Sometimes, by being the real me, it makes someone else feel less alone like they aren’t the only ones screwing up. Or like they aren’t the only ones struggling, confused, hurt, or just trying to do better.

I’m no wordsmith. I’m not a thought leader. My words are pretty basic. Believe me, I am fully aware of this.

I just think that sometimes, people like what I say because I’m showing my real self. They can feel that it’s the real version of me, and they connect with that. 

They connect because they want to show their real selves, too.

When you take off your mask to let people see who you really are, you are able to connect so much more authentically.

We All Want Connection

I mean, deep down, isn’t that what most of us want? We want to be seen. We want to feel like someone actually gets us. And we want to simply be who we are.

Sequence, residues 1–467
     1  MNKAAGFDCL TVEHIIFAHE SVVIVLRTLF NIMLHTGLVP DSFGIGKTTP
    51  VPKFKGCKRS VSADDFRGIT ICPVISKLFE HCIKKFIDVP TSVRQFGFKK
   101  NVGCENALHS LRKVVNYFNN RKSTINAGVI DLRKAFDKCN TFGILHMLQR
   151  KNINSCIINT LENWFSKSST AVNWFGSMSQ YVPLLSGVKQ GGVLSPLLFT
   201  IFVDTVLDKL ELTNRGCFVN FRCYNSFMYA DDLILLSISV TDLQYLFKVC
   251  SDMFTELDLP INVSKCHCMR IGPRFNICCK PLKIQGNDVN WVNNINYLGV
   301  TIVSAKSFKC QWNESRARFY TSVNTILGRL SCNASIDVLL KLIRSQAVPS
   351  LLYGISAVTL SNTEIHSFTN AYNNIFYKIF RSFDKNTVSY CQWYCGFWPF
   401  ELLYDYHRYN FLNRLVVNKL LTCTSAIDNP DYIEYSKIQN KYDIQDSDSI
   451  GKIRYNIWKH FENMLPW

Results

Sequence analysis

Let’s be honest. We all long to share our inner voice our real selves.

When we see someone else doing it, showing their true self, we think, “Yes! You go! Preach it!”

We love it, don’t we?

But even when we support others in being themselves, we continue to hold ourselves back and keep our own voice in. We give others permission to wholeheartedly be themselves, but we don’t give ourselves the same permission.

So here I am, guys. I’m putting these words, my inner voice, my real self out here, to you. 

I’m here to tell you, “Yes! You go! Preach it!”

Just Be Who You Are. Please.

Be who you are and say how you feel, because those who mind don’t matter, and those who matter don’t mind. 

Dr. Suess

Stop silencing your inner voice. Stop squashing the real you. 

The world needs to see you as your true self. Not who you think you need to be. But the real you. 

Yes, it’s hard and scary and I’m going to be here doing it with you. 

Let’s get over the mask-wearing, the people-pleasing, the facade, the show.

You go. Be who you are. The real you. Don’t hold back.

I’m going to be cheering for you. And I hope you’ll be cheering for me.